on Btu content. EIA’s data—originally allocated to Btu ranges for coal supply and demand modeling—had been used to approximate the ERR by coal rank in the early 1990s. Over time, the small differences between resources and reserves by coal rank and by Btu ranges became significant due to cumulative depletion adjustments. The January 1, 2006, data include internal additions to coal tonnages by Btu ranges to identify the coal ranks where more than one rank occurs in borderline resource areas and to unify the tonnage totals. Recoverable coal reserves at producing mines represent the quantity of coal that can be recovered (i.e., mined) from existing coal reserves at reporting mines.

EIA’s ERR include the coal in the DRB considered recoverable after excluding coal estimated to be unavailable due to land use restrictions or currently economically unattractive for mining after applying assumed mining recovery rates.

The effective date for the DRB, as customarily worded, is “Remaining as of January 1, 2006.” These data are contemporaneous with the RRPM, customarily presented as of the end of the past year’s mining—in this case, December 31, 2005. Current or recent mining in a state does not imply those data for a DRB and ERR.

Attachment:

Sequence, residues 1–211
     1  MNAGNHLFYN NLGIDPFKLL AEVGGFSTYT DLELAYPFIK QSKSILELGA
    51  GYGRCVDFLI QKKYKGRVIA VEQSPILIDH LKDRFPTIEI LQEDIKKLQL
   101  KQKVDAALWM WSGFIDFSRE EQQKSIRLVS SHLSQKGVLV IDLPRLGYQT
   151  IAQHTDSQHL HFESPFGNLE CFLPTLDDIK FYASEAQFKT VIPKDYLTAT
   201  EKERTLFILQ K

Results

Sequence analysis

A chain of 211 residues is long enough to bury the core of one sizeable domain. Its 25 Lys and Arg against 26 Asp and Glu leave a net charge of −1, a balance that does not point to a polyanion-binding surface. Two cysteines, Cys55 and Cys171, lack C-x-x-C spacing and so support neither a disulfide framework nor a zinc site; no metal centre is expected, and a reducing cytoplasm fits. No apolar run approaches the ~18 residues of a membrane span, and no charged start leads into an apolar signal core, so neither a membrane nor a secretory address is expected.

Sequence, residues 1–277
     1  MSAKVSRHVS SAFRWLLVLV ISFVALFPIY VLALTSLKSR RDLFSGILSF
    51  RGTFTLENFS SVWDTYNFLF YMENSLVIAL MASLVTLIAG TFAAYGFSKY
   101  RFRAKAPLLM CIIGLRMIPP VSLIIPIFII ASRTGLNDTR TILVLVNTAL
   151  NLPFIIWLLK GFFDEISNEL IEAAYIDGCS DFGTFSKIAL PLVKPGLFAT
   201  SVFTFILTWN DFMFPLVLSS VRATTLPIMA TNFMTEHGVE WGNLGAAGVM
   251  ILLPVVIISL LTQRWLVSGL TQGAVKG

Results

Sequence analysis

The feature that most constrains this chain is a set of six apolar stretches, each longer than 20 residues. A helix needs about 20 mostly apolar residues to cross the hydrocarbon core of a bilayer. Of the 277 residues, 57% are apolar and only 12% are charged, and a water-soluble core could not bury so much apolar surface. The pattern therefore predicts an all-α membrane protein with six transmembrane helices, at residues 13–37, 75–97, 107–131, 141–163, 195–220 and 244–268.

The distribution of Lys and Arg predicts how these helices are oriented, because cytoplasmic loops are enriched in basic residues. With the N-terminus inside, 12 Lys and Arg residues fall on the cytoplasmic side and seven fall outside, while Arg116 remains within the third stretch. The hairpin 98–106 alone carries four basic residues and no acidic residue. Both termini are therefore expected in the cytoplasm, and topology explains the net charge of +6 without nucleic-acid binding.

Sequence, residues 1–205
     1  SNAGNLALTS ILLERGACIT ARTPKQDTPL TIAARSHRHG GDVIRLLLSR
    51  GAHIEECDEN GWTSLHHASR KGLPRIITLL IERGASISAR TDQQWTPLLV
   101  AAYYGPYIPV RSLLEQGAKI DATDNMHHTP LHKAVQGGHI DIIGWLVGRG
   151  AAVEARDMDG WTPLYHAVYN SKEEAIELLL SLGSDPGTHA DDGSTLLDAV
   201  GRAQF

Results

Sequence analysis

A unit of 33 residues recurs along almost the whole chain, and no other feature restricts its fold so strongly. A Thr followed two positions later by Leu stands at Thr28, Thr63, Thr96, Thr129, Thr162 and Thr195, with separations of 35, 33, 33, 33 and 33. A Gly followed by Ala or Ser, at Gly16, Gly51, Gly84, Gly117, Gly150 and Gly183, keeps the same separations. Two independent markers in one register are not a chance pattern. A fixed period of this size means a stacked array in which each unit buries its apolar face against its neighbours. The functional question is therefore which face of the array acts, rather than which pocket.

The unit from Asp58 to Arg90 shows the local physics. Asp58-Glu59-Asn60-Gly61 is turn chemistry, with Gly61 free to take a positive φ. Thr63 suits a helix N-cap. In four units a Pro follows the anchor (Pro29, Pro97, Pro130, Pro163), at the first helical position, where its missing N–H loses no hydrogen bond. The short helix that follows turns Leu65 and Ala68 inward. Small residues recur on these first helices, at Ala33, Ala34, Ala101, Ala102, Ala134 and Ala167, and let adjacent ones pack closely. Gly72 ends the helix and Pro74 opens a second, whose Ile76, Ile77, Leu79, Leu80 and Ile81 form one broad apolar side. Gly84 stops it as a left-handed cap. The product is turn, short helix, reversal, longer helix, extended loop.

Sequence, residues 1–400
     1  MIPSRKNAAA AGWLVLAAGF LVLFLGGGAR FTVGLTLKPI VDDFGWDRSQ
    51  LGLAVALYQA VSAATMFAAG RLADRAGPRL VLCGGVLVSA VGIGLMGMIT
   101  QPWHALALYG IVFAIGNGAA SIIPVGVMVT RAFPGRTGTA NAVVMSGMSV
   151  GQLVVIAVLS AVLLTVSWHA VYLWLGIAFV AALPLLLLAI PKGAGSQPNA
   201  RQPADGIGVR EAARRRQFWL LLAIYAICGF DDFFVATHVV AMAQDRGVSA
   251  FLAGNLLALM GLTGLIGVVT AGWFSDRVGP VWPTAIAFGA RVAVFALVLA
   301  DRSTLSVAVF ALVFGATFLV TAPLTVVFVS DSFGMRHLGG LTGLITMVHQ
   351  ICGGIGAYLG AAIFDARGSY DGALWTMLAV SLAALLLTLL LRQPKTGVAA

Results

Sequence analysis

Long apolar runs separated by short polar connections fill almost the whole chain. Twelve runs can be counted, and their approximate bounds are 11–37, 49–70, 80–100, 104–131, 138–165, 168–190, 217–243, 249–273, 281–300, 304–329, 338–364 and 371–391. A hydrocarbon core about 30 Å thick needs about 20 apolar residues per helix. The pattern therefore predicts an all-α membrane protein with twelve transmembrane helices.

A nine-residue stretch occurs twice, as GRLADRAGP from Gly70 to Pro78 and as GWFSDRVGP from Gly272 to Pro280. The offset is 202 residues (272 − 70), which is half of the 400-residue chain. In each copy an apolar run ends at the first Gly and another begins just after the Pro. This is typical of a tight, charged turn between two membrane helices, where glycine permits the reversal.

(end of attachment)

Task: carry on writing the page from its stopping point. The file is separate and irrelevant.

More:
The DRB includes publicly available data on coal mapped to measured and indicated degrees of accuracy and found at depths and in coalbed thicknesses considered technologically minable at the time of determinations.

All reserve expressions exclude silt, culm, refuse bank, slurry dam, and dredge operations. RRPM excludes mines producing less than 10,000 short tons, which are not required to provide reserves data.

SOURCES: EIA Form EIA-7A, Coal Production Report; MSHA, Form 7000-2, Quarterly Mine Employment and Coal Production Report; and EIA estimates.



The National Academies | 500 Fifth St. N.W. | Washington, D.C. 20001
Copyright © National Academy of Sciences. All rights reserved.
Terms of Use and Privacy Statement